Poloniex announced plans to delist DigiByte from its exchange within hours of a public Twitter spat between DGB founder Jared Tate and one of the exchange’s new owners Justin Sun.
Tate blasted TRON, which Sun founded, in an 8-part tweetstorm beginning with:
1/8 Im disgusted by all these #TRON trolls/bots attacking me & hyping a 100% premined & completely centralized network like its the most decentralized gift from god. Now #Poloniex has turned into a $TRX shill factory after making off w/ US customers sensitive data. Fact time:
— Jared Tate (@jaredctate) December 4, 2019
Hours later, Poloniex tweeted its intention to delist DGB for failure to meet the exchange’s ‘listing standard’. The exchange’s ‘careful review’ was a quick undertaking, leaving many to wonder if Justin Sun was using Poloniex as a weapon against attacks on his person.
— Poloniex Exchange (@Poloniex) December 5, 2019
Tate left few wondering what his views of TRON and Sun were, with his tweets including reference to TRON’s use of ‘delighted proof of shenanigans’ as its consensus algorithm:
5/8 Chen said this: “Token distribution is centralized, Super Representatives are centralized, code development is centralized. Even the community is organized under centralization.” This is typical for DPoS projects, we call it "delighted proof of shenanigans" in the book.
— Jared Tate (@jaredctate) December 4, 2019
Poloniex Important to DigiByte, But Not Critical
DigiByte is the 55th ranked cryptocurrency by market cap. Its 6th and 42nd most important trading markets were on Poloniex, for DGB/BTC and DGB/USDT, respectively. Combined, Poloniex’s DGB trading volumes amounted to a little over $100,000 a day. ZBG Global is easily DigitByte’s most important exchange by trading volume.
Meltem Demirors, Chief Strategy Officer at CoinShares, noted that “exchanges are privately owned companies and are under no obligation to list or trade any asset.”
While that may be true, as important custodians of the industry, exchanges should be held to high standards of conduct if the digital asset economy is to mature. Poloniex’s delisting of DigiByte was, by any measure, a malevolent and personal act of sabotage.
Jared Tate was under no illusions about Poloniex’s aims. In an exclusive discussion with Crypto Briefing, the DigiByte founder described the Poloniex-DigiByte relationship as having been a mutually healthy one:
“DigiByte is a completely decentralized blockchain project with no company or centralized organization behind it and I am not the CEO. Any exchange is free to list or delist DGB anytime they want. Just like anyone in the community is free to speak any valid concerns any time they wish. Poloniex has supported DGB for well over 5 years and quite often DGB was the most traded asset on their platform.”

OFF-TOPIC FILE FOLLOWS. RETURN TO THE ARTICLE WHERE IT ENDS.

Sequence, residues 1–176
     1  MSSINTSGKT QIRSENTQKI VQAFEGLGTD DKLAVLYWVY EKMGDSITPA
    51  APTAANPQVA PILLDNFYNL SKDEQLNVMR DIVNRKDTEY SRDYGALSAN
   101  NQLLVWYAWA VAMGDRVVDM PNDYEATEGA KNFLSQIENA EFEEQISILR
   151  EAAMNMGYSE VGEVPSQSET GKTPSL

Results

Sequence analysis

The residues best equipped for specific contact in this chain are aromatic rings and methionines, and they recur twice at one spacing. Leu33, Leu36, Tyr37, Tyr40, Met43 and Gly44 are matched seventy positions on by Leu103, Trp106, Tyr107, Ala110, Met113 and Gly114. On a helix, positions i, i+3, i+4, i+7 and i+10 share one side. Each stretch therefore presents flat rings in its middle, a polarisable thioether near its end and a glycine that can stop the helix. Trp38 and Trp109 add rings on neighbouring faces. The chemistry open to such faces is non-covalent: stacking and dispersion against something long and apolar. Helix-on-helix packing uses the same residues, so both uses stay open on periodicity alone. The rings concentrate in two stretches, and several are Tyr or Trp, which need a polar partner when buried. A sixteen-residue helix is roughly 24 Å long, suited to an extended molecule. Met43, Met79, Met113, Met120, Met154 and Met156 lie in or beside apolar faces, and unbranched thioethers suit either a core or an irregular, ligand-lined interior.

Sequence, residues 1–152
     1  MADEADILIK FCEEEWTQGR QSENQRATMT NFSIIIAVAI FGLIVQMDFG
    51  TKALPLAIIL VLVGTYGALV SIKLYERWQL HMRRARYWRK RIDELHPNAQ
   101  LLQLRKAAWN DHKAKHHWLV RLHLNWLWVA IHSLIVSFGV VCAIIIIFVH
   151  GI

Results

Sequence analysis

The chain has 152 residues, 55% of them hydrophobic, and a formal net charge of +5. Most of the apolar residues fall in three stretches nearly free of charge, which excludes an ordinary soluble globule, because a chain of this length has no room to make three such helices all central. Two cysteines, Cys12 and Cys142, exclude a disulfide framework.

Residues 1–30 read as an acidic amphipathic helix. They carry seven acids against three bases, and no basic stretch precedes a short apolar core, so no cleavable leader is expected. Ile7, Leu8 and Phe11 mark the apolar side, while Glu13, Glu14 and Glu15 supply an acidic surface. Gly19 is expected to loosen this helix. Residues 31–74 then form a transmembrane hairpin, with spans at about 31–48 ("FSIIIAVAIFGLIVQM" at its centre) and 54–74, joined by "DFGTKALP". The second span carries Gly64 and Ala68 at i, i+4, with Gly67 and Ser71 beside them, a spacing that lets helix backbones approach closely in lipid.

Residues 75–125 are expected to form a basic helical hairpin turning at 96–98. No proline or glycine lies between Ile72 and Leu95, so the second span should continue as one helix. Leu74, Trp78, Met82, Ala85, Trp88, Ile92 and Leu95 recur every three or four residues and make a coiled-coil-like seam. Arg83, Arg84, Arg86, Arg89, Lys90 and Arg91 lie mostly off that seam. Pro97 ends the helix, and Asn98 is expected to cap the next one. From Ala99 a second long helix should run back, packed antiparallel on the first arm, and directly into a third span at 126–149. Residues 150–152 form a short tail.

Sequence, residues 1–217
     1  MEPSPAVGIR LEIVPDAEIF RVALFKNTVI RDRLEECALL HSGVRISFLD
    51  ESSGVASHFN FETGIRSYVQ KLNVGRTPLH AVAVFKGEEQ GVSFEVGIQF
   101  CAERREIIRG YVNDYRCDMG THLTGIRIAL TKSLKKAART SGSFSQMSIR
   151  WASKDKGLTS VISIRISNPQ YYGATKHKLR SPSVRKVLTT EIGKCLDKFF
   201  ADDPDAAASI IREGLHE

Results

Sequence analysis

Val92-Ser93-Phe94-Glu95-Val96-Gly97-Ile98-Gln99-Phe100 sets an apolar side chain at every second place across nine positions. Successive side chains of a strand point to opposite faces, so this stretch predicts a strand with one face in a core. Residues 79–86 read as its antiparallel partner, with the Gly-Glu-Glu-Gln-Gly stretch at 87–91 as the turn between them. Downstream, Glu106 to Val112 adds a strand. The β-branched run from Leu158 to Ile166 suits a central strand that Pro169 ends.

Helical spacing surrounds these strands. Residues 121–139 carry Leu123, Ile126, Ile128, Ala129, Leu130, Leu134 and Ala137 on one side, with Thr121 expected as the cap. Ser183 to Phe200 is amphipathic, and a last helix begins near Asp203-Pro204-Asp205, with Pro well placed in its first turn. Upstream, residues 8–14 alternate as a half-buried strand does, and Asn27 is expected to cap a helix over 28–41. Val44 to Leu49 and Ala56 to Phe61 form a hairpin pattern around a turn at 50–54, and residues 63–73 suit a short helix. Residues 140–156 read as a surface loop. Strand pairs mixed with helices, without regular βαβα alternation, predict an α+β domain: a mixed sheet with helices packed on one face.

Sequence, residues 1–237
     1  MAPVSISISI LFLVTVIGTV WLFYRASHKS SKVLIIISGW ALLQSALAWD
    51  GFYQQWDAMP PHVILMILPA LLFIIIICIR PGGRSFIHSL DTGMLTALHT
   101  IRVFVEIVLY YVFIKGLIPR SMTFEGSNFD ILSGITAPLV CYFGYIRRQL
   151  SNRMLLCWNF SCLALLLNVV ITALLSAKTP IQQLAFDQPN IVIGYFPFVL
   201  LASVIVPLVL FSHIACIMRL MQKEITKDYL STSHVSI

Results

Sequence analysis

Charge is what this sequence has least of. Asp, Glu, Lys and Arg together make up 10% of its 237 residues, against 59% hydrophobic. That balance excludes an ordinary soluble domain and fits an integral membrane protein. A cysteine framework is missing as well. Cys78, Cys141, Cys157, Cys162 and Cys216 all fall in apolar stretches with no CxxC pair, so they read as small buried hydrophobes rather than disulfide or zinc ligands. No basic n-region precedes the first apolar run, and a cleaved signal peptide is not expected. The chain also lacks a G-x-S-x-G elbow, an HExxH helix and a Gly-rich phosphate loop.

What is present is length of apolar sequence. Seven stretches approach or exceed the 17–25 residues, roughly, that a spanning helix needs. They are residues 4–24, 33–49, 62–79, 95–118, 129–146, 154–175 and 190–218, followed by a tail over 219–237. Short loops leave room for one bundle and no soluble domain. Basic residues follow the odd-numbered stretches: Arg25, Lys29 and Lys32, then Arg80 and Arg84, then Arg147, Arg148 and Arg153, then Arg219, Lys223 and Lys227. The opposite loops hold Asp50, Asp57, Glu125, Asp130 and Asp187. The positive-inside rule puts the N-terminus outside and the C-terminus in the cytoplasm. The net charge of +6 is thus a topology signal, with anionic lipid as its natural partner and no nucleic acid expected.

Under its new ownership structure, however, Tate outlined his concerns about Poloniex and the industry as a whole:
“Its quite apparent the new Tron loving owners do not hold the same values for true decentralization that [the] previous Poloniex owners did. I personally referred hundreds of people to Poloniex including close friends and family as well [as] DGB supporters who trusted my judgement over the years. All my questions about the handling of sensitive customer data fell on deaf ears and after holding my tongue on Tron for months I spoke the truth to call out the obvious things everyone was witnessing.”
Tate rued the loss of Satoshi’s original vision in the crypto ecosystem:
“We are entering a dark era for crypto. One that I never would of seen coming 6 years ago. Listing fees, paid market makers, 100% premines and blatant pump and dump scams have been normalized. The industry has lost Satoshi’s original vision in pursuit of a quick buck and monopolistic control.”
DigiByte Community Will Move On And Grow
With Tate’s tweetstorm having subsided, the team behind DigiByte has taken the decision in its stride. Crypto Briefing reached out to the DigiByte community, and Josiah Spackman responded by saying, “It’s been such a shame to see Poloniex going downhill over the last two years, and although they only accounted for 1% of DigiByte trading volume, I personally want to wish them the best in future. I sincerely hope they can turn things around and make the required structural changes to undo their own self harm. They had supported DigiByte since the early days in 2014, but we’ve seen exchanges come and go, it’s a shame it seems it’s Poloniex’ time.”
It was a diplomatic response from the team, with a sprinkling of deserved spite. As DigiByte moves on from the high-profile spat, they may be better off without Poloniex. The exchange has taken a credibility hit as a result of the actions of today. Its conduct is certainly unbecoming of former owner, Circle’s Jeremy Allaire.
The response we received from Poloniex support about the DGB delisting failed to answer the specific question surrounding DigiByte:
“We consider listing or delisting assets based on whether the asset has sufficient trading volume, whether it aligns with the core tenets of the crypto community, whether it is backed by robust technology, whether it creates real value for a meaningful number of customers, and whether it’s backed by a strong, experienced team. In addition, we also consider other factors such as new guidance from regulators.”
This article was updated with additional commentary from Jared Tate and Poloniex. Crypto Briefing also reached out to Circle’s Jeremy Allaire, but did not receive a response.